The result would have meant increased costs to consumers and the loss of more manufacturing jobs in the state. In fact, according to CARB’s own analysis, the alternative would have resulted in increased costs across all sectors of the economy and significant increases in fuel costs to consumers. Fuel costs for the overall economy would have been 6 times higher without the deal.

Bipartisan legislative support of AB 398 ensured an improved cap-and-trade program with tax cuts, cost containment measures, and significant bureaucracy reduction that will control costs for all Californians. These elements of the cap and trade deal, fought for by Assembly Republican Leader Chad Mayes and other legislative leaders, will ease the burden of businesses working to comply with the law by preserving a market-based approach and operational flexibility.

There were only two choices last summer: draconian command and control or market-based cap-and-trade. The leaders who fought for an improved cap-and-trade program should be lauded for their courage in helping to keep manufacturing as a key component of our state’s economy.

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Ready, set, go!

Posted by Ashley Hong, Policy Intern on April 2, 2018

After a restful week off, the legislature is poised to start hearing new bills in April.  CMTA lobbyists have been preparing letters and testimony to encourage lawmakers to support manufacturing.  Thanks to all of you who reached out to your local elected officials and talked about your businesses! 

But this is just the beginning - your voice needs to be strong all year.  Besides legislation, we will be watching the elections this spring through November, hearing the debates between the candidates for Governor, and taking positions on ballot measure campaigns that matter to manufacturers. Look to these pages for updates to guide your own advocacy efforts. 

The CMTA team is proud to represent your interests in Sacramento. Let us know how we can help you stay engaged in the process.  


Don't forget -- You can always use this tool to find and contact your legislator. Also sign up for our mobile text alerts and watch for our messages in April, May and June when votes and hearings go into full swing.  You can do so by texting “mfgchamp” to 916-571-9360. 

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What Matters: Time to talk to your legislator!

Posted by Ashley Hong, Policy Intern on March 23, 2018

The legislature has introduced thousands of new bills to vote on in the months ahead.  We look for impacts on manufacturers and either support or oppose the bills.  While lobbying legislators on those bills, we talk about the existing rules, regulations and taxes already impacting California manufacturers.  The costs of doing business are already too high and the burdens grow every year.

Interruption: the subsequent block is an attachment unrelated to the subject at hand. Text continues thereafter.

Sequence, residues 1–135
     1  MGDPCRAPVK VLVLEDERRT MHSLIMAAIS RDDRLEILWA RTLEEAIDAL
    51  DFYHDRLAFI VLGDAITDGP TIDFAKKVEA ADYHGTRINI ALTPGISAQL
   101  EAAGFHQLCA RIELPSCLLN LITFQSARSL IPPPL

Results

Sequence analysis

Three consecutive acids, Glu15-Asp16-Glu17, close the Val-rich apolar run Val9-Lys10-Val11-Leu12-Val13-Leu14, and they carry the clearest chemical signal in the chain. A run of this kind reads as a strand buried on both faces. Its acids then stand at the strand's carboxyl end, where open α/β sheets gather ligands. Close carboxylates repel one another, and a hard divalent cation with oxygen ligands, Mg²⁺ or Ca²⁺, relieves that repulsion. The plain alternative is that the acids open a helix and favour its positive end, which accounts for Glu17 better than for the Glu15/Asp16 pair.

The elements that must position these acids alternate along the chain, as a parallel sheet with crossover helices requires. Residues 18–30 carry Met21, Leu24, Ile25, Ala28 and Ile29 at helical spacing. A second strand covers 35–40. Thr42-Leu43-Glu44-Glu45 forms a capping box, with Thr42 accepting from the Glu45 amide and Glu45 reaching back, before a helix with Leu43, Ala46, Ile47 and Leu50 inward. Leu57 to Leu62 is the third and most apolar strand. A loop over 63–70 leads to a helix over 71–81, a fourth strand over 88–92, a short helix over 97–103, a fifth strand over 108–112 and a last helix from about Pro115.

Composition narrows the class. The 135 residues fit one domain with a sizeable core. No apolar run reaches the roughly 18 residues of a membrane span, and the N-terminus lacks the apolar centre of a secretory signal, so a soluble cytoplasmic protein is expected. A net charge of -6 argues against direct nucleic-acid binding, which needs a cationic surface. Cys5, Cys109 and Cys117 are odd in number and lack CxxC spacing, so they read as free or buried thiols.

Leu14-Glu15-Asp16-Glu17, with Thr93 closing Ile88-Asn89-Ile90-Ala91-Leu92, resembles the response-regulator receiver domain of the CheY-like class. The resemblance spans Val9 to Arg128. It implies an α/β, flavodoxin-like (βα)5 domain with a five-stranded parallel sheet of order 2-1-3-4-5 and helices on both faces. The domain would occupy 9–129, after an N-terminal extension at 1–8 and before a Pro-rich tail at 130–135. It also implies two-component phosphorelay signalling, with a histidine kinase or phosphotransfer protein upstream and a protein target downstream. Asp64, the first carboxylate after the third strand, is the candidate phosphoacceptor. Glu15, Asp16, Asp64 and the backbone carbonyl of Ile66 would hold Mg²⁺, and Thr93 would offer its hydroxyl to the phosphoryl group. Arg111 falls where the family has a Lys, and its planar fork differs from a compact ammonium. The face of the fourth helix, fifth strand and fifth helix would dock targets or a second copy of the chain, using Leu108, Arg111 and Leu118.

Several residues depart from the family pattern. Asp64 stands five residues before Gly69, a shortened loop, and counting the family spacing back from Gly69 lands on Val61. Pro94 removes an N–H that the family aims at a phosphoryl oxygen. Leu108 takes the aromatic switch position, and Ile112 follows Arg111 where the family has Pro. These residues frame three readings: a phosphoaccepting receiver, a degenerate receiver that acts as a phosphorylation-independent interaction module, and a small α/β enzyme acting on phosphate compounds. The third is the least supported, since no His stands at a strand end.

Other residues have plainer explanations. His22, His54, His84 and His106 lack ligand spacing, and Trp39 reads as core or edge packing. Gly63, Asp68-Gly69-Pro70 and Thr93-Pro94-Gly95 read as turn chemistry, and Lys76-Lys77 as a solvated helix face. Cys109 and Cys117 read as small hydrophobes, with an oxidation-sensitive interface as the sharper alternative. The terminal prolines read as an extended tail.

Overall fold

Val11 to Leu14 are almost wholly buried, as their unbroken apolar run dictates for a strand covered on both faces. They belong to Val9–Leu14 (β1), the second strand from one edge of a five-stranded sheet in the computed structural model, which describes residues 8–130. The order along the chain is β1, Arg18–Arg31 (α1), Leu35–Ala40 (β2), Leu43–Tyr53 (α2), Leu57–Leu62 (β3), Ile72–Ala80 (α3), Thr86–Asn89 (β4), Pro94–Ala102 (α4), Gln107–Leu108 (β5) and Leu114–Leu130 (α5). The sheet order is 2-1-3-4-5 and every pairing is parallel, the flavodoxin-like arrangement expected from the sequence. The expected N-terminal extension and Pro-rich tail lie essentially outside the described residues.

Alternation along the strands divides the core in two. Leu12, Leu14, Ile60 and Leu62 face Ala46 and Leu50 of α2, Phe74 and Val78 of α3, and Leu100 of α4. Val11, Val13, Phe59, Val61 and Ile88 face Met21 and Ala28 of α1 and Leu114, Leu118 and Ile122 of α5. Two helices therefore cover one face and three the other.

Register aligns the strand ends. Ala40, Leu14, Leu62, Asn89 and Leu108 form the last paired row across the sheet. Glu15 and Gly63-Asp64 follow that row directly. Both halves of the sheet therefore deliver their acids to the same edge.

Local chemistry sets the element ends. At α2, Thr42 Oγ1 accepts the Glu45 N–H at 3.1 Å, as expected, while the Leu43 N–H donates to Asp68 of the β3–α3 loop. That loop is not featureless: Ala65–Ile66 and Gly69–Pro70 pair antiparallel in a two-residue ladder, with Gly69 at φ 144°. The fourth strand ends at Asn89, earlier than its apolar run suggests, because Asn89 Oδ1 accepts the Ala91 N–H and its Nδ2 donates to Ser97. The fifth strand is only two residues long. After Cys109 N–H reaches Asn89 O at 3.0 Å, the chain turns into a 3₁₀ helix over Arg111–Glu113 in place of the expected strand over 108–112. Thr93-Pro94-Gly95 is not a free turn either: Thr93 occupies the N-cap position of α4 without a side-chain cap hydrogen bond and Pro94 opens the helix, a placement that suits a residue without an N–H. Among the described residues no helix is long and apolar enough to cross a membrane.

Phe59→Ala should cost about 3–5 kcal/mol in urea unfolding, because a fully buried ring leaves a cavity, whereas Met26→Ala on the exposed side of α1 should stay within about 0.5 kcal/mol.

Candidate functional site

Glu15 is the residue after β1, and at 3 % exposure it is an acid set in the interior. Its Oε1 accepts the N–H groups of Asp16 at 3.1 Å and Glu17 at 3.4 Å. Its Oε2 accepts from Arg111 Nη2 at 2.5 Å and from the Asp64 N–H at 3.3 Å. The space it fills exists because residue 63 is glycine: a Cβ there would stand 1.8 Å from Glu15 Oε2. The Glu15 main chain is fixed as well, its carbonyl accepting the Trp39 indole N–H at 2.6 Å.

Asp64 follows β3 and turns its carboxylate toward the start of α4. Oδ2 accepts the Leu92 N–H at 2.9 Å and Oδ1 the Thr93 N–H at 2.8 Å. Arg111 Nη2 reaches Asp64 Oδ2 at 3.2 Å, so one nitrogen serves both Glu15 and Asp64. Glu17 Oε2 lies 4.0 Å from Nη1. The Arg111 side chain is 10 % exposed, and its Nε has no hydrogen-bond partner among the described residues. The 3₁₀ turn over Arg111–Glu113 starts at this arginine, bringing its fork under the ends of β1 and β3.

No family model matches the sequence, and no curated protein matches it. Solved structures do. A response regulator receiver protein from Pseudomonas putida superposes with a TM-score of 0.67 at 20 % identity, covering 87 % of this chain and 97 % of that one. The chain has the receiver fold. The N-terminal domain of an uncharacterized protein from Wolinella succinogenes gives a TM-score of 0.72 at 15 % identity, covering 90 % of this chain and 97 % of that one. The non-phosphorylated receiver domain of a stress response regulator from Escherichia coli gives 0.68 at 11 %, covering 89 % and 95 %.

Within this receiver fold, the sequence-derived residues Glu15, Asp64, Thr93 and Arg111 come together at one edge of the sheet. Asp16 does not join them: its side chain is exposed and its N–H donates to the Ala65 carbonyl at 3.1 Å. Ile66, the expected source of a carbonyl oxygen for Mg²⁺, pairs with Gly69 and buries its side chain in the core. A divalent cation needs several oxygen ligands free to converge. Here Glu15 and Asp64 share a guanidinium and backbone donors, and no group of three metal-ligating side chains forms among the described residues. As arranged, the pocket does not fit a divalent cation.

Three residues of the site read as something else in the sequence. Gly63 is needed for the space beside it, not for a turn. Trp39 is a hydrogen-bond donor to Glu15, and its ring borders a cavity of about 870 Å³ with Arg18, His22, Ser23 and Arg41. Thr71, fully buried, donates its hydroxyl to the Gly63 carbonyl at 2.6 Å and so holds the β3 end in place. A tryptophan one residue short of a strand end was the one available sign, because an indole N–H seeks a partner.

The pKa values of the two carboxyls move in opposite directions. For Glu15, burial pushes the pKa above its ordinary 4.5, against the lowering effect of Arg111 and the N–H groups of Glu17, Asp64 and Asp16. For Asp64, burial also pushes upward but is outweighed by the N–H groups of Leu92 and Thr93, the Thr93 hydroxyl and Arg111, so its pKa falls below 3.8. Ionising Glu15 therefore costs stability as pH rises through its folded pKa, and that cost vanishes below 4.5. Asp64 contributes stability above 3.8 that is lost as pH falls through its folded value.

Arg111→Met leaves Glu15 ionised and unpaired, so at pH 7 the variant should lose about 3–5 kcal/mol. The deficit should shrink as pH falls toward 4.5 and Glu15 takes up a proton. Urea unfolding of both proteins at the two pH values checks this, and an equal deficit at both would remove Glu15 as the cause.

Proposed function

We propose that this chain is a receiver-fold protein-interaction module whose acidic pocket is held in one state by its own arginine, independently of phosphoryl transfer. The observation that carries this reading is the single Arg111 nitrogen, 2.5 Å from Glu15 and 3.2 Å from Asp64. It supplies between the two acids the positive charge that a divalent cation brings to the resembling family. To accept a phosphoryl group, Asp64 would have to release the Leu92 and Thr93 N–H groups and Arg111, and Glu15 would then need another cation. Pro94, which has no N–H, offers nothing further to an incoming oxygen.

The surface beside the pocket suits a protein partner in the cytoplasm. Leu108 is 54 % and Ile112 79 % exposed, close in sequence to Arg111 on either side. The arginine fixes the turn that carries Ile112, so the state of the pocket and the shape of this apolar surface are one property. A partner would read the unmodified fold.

A new regulation might be well-intended to solve a real problem, but the cumulative costs of all California regulations are overwhelming for manufacturers. The high costs of doing business threaten to make many more California manufacturers uncompetitive in the marketplace.  Manufacturers won’t be able to make investments and create jobs if their costs are too high.

State leaders like to tout the size of California’s economy and how many thousands of jobs we have created since the end of the recession - more than any other state! In fact just today the state reported that we added 14,000 jobs last month among all sectors.  That’s good, but not good enough. What really matters is how we are doing compared to other states on an apples-to-apples basis.  The sad truth is that we are only attracting half the number of new manufacturing jobs than we should on a population adjusted basis.  And since the recession’s end we attracted barely two percent of the country’s manufacturing investments even though California has more than 10 percent of US manufacturing.  We are losing manufacturing muscle because costs are too high.  If investments don’t come here, jobs will be lost in the future.  

So if a new bill increases the cost of doing business, even a little bit, we will do our best to tell legislators why that matters.  If they are serious about protecting and promoting new middle-class manufacturing jobs, they will listen and modify their proposals. 

State legislators are “home” in the district next week during the spring break. You can help us lobby on the bills by reminding your legislator about the taxes you pay and the regulations for which you struggle to comply.  You can use this tool to find your legislator's phone number to call. You can also use the tool to send him or her a tweet.

Also sign up for our mobile text alerts and watch for our messages in April, May and June when votes and hearings go into full swing.  You can do so by texting “mfgchamp” to 916-571-9360. Thanks for helping us keep manufacturing a growing part of the California economy.